This is a 1975 Volvo C303 4×4 and although it may look a little like a Unimog at first glance, it has no relation to its German peer. In 1983 a Volvo C303 won its class in the Paris-Dakar Rally – proving unequivocally how capable it is.
The C303 entered production in 1974, it was a significant design evolution over the earlier Volvo L3314 series of off-road trucks and it was largely destined for military and rescue use – that said some of them did end up in civilian hands.
Fast Facts – The Volvo C303
- The Volvo C303 was developed in the early 1970s and released in 1974, it was essentially an evolutionary improvement over the earlier Volvo L3314 series of vehicles.
- The C303 uses a body-on-chassis design, with live axles and leaf springs front and back. Portal axles are used which results in a ground clearance under the differentials of 15 inches.
- The body is largely made of flat steel and all glass used on the vehicle is flat – meaning that it’s easy to replace anywhere in the world, as flat panes can be cut to size.
- Power is provided by a version of the Volvo B30 petrol engine, an inline-six cylinder unit with overhead valves, a 3.0 liter displacement, and 125 hp with 162 lb ft of torque.
Origins Of The Volvo C303 “Terrängbil”
The Volvo C303 is the direct descendant of the highly-regarded Laplander series of off-road trucks developed by the Swedish automaker specifically for military use. The Laplander L3314 would be in production from 1959 until 1967, then replaced with the C303 in 1974.
The C303 was both bigger and more powerful than its forebear, with a larger engine, a longer wheelbase, wider track, more internal room, and importantly, it used portal axles rather than standard live axles – significantly increasing ground clearance.
As with almost all vehicles that are designed for military use, the C303 is utilitarian, with a body made from flat steel, similarly flat windows, and few concessions for comfort or luxury.
Volvo C303 – Specifications
The driver and passenger sit up front in a CoE (cab-over-engine) layout to allow maximum space in the rear for cargo, as well as ensuring that the driver will always have excellent visibility of the terrain ahead.
As you would expect for an off-road vehicle from this era, the Volvo C303 uses body-on-chassis construction, and it has both leaf springs and drum brakes front and back. The use of portal axles, similar to those used on the Unimog, offers ground clearance of 15 inches under the differentials.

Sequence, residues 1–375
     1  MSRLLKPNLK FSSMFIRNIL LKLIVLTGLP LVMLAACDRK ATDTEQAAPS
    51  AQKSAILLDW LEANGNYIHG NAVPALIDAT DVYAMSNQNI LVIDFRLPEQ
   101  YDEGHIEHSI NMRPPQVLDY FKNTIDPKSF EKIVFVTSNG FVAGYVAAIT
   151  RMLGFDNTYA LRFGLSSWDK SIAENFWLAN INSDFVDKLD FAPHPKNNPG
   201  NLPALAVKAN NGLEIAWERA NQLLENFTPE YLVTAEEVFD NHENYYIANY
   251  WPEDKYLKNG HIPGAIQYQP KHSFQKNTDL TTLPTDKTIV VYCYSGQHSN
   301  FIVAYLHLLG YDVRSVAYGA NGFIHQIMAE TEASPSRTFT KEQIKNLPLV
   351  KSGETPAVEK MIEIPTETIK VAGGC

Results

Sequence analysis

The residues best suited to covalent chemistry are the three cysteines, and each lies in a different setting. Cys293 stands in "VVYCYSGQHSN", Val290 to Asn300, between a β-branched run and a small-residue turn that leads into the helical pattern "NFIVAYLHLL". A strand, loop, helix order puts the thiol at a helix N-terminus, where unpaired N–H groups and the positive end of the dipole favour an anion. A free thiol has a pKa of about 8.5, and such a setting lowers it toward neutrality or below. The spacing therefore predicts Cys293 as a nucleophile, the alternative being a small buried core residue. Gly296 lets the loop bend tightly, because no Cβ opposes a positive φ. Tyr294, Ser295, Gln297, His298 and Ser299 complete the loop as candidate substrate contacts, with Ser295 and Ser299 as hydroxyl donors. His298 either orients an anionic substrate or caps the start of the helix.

Given Volvo’s popularity in the Scandinavian market it made sense for them to use one of their production car engines in the C303, both because it would be tried and tested and because spare parts availability would be excellent.
C303 Engine + Powertrain
- They chose the Volvo B30 engine, a straight-six petrol/gasoline engine with an OHV head, two single-barrel Stromberg carburetors, a 3.0 liter displacement, a compression ratio of 8.7:1, and total power output of 125 hp at 4,250 with 162 lb ft of torque at 2,800 rpm.
- Power is sent back through a 4-speed transmission and a 2-speed transfer case which offers both high and low range. The top speed is listed as 125 km/h (78 mph) with a cruising speed of approximately 60 mph achievable depending on total vehicle weight.
- Most were built in 4×4 format however there were some 6×6 versions and a planned 8×8 version however it never made it out of the prototype stage as the engine was deemed not powerful enough.
Production + Military Use
Over the course of the 1974 to 1984 production run 8,718 examples of the C303 were built, with approximately 75% of them being used by the military.
C303s would be put into service mainly by the Swedish military, but the militaries of Malaysia, Latvia, Lithuania, Estonia, and Angola all took deliveries.
Other non-civilian uses included fire departments, rescue services, public roads companies, and power companies. The surviving examples of the Volvo C303 are now popular on the after market for conversion into 4×4 overland campers.
The Volvo C303 Camper Shown Here
The Volvo C303 you see here spent its early life in Sweden as a fire recovery vehicle before being imported into the USA more recently.
Since its arrival in the US it’s been fitted with uprated Bilstein shock absorbers, a pop-up tent, an awning, jump seats, a Kenwood stereo, and a slew of other equipment.
It’s now being offered for sale on Bring a Trailer with the service and operators manuals, spare parts, and a clean title in the seller’s name out of San Diego, California.
If you’d like to read more about it or register to bid you can visit the listing here.
Images courtesy of Bring a Trailer.
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